Unveiled in July 2013, the Logan Circle Heritage Trail guides visitors to notable sites in the neighborhood (and a bit of adjacent Dupont Circle). Each location is marked by a signboard that contains text, pictures and maps. But beginning last month, tourists could use a new app to walk the trail the way many locals stroll through the area: while staring at their phones.
The $12 smartphone-based tour is a collaboration between Stray Boots, a New York company founded in 2009, and the 18-year-old Cultural Tourism DC, a nonprofit group that organizes the city’s heritage trail signs.
“We started that program 12 years ago,” said Steven E. Shulman, the group’s executive director. Then, reading historical markers “was one way that people learned. Now most of us carry smartphones or tablets and things of that nature. The way that we learn, and maneuver city streets, is different.”
Stray Boots already offered several tours of Washington, one of 28 cities in four countries covered by the company’s phone tours. But the Logan Circle itinerary was the first with Cultural Tourism DC, and one of the first the company did in association with a local heritage group anywhere.
“They’d been thinking about how to make the tours more accessible to a new, digitally savvy generation, and how to make them more appealing as a whole,” Stray Boots chief executive Avi Millman said of the company’s new partner. “We decided that Logan Circle would be a great place to start.
“The Cultural Tourism guys have so much amazing content that we thought, if we could partner up, we’d be able to make really rich tours using a lot of the stuff we already have.”
Introduced barely a month ago, the Logan expedition is already more popular than the company’s Georgetown, Penn Quarter/Chinatown and Washington Museums tours. Millman attributes that success in part to “the cred” of Cultural Tourism DC, whose role is advertised on the Stray Boots Web site.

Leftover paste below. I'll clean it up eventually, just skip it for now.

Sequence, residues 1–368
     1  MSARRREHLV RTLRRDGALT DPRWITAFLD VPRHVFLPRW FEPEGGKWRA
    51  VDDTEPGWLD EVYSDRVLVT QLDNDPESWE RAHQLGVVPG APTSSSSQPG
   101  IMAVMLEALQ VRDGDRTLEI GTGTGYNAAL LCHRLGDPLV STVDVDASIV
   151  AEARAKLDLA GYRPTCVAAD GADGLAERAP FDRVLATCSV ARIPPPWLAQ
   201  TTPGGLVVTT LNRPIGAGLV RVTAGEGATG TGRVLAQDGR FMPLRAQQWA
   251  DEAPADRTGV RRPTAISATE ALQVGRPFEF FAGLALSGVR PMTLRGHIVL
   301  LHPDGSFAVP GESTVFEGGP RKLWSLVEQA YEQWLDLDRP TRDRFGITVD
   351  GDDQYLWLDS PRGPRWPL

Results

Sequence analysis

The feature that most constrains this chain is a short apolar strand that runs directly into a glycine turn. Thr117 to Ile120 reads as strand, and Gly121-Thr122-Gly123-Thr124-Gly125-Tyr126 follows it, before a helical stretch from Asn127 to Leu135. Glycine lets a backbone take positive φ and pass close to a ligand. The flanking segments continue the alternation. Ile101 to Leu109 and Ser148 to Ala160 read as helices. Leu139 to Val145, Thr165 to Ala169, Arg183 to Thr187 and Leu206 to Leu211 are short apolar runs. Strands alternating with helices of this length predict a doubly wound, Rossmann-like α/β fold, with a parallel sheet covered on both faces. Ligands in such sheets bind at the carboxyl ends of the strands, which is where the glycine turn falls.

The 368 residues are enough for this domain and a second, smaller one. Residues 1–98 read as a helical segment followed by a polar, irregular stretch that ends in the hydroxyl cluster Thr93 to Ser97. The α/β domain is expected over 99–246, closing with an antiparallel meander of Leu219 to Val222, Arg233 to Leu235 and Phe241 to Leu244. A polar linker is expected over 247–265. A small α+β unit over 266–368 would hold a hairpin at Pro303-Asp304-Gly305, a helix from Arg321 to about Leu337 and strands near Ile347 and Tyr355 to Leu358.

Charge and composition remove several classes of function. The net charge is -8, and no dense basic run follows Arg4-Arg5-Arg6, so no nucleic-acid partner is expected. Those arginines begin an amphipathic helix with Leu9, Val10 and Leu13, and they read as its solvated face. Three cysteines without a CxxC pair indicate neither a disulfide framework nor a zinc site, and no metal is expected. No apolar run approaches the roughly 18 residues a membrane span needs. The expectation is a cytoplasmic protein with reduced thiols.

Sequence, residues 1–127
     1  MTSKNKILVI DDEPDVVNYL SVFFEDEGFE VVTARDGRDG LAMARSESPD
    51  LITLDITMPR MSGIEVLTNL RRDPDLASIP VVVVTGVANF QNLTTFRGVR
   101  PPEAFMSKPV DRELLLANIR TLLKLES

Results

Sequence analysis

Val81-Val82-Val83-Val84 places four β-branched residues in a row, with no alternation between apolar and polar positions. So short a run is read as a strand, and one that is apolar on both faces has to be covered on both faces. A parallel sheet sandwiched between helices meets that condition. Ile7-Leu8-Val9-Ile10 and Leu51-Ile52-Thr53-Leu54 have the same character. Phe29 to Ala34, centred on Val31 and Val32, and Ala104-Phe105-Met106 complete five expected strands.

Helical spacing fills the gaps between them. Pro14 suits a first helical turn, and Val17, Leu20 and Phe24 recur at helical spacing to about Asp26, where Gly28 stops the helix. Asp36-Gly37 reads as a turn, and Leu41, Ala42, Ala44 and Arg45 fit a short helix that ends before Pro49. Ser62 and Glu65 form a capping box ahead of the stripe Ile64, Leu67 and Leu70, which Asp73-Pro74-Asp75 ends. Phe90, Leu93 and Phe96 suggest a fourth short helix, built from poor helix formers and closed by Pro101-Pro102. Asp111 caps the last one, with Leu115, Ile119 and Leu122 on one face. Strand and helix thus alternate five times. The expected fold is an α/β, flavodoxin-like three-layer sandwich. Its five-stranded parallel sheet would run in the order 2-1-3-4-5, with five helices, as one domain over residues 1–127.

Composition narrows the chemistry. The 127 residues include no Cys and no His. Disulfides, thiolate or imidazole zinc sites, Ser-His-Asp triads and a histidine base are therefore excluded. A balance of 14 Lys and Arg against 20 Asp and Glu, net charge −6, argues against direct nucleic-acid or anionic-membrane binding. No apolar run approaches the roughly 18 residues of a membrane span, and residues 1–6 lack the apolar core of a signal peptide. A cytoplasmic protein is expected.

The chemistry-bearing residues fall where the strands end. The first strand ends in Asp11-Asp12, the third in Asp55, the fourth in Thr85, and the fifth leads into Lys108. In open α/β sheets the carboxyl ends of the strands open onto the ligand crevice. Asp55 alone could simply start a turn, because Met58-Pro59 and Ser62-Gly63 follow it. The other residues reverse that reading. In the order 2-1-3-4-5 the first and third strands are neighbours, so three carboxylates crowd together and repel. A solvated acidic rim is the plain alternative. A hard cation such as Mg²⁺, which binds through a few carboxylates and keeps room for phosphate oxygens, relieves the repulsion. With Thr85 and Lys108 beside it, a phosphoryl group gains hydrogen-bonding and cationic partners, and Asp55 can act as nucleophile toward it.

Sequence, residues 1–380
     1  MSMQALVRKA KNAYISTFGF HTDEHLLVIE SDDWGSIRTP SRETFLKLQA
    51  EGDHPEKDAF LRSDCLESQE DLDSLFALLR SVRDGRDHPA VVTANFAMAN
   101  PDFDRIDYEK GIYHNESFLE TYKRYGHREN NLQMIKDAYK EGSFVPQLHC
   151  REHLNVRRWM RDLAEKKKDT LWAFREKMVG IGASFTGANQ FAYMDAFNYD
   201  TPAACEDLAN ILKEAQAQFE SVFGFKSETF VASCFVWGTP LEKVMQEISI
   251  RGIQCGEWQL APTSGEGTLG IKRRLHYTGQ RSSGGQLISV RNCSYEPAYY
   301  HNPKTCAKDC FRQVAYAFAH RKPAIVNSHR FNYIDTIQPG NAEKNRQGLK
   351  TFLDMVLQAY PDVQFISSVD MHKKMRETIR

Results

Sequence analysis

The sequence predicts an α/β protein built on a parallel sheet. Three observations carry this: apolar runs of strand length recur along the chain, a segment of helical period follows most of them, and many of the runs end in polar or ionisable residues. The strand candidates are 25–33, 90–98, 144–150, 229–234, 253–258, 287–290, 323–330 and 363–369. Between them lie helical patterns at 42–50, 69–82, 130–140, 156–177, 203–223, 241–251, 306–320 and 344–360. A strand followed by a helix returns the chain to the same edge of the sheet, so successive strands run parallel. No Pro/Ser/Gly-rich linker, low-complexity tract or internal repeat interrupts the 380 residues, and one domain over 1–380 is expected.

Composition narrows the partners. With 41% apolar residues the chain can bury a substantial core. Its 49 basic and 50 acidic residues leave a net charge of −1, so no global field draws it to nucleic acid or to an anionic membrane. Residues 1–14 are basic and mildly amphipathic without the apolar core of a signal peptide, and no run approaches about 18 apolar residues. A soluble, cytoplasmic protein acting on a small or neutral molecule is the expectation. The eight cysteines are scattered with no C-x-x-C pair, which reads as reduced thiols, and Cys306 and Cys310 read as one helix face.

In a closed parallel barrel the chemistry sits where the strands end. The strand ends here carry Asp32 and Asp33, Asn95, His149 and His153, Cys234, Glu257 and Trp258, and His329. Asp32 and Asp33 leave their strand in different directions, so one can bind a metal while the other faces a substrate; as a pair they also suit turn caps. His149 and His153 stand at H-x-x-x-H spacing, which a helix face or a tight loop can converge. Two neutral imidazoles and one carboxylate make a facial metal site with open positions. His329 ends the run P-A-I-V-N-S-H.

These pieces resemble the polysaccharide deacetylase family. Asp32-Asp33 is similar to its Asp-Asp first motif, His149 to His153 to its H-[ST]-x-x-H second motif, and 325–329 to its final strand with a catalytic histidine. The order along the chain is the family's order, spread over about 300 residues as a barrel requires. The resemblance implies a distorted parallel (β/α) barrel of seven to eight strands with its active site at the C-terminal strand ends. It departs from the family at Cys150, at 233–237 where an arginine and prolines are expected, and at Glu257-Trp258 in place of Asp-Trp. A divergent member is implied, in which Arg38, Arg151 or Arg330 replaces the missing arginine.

It’s not just smartphone technology — and the price tag — that distinguishes a Stray Boots tour from a low-tech one. The company’s guides are designed as scavenger hunts, in which players search for information. “At every location you’re asked to, as we call it, complete a challenge, which really means to answer a question, or take a photo,” Millman said.
“When you answer it correctly, then you get information about where you are and what you’re looking at. What used to be here, the history of the neighborhood, the cultural significance. It’s a little more interactive, a little more engaging.”
To triumph on the hunt, participants must glean information from some of Cultural Tourism DC’s signboards, but there are also other sources. Answering a question about the Jewish Community Center of Washington, for example, requires players to look at the building’s cornerstone.
The games are good for adults, Millman said, but have been received with special enthusiasm by parents. “It’s a great way to get kids off the couch and actually learning something,” he said. “Say a mom takes her son on one of these trails, and when they get home, the son’s just telling dad about all of this stuff and doesn’t realize he was learning the entire time.”
The app also provides opportunities to take a break from education: It lists nearby shops, restaurants and bars.
In the next year, Cultural Tourism DC plans to introduce trails in LeDroit Park/Bloomingdale and Anacostia. Those may be the last in the series. “The money’s dried up for it,” Shulman said of the program, which used federal money dispensed through the city’s transportation department.
Funding is another reason the group is interested in cooperating with companies such as Stray Boots, Shulman said. “One of the things that’s hard about working in the District of Columbia is that, led by the Smithsonian, everything is free. So when we do things, it’s hard to charge a participation fee. If we do, it has to be very nominal. Then we have to look to other sources.”
The smartphone scavenger hunt could be one of those sources, he said. “If this generates sufficient revenue for them and for us to make something that is beneficial commercially as well as to the community and the visitors, then we’ve got another 15 [tours] we can talk about.”
Jenkins is a freelance writer.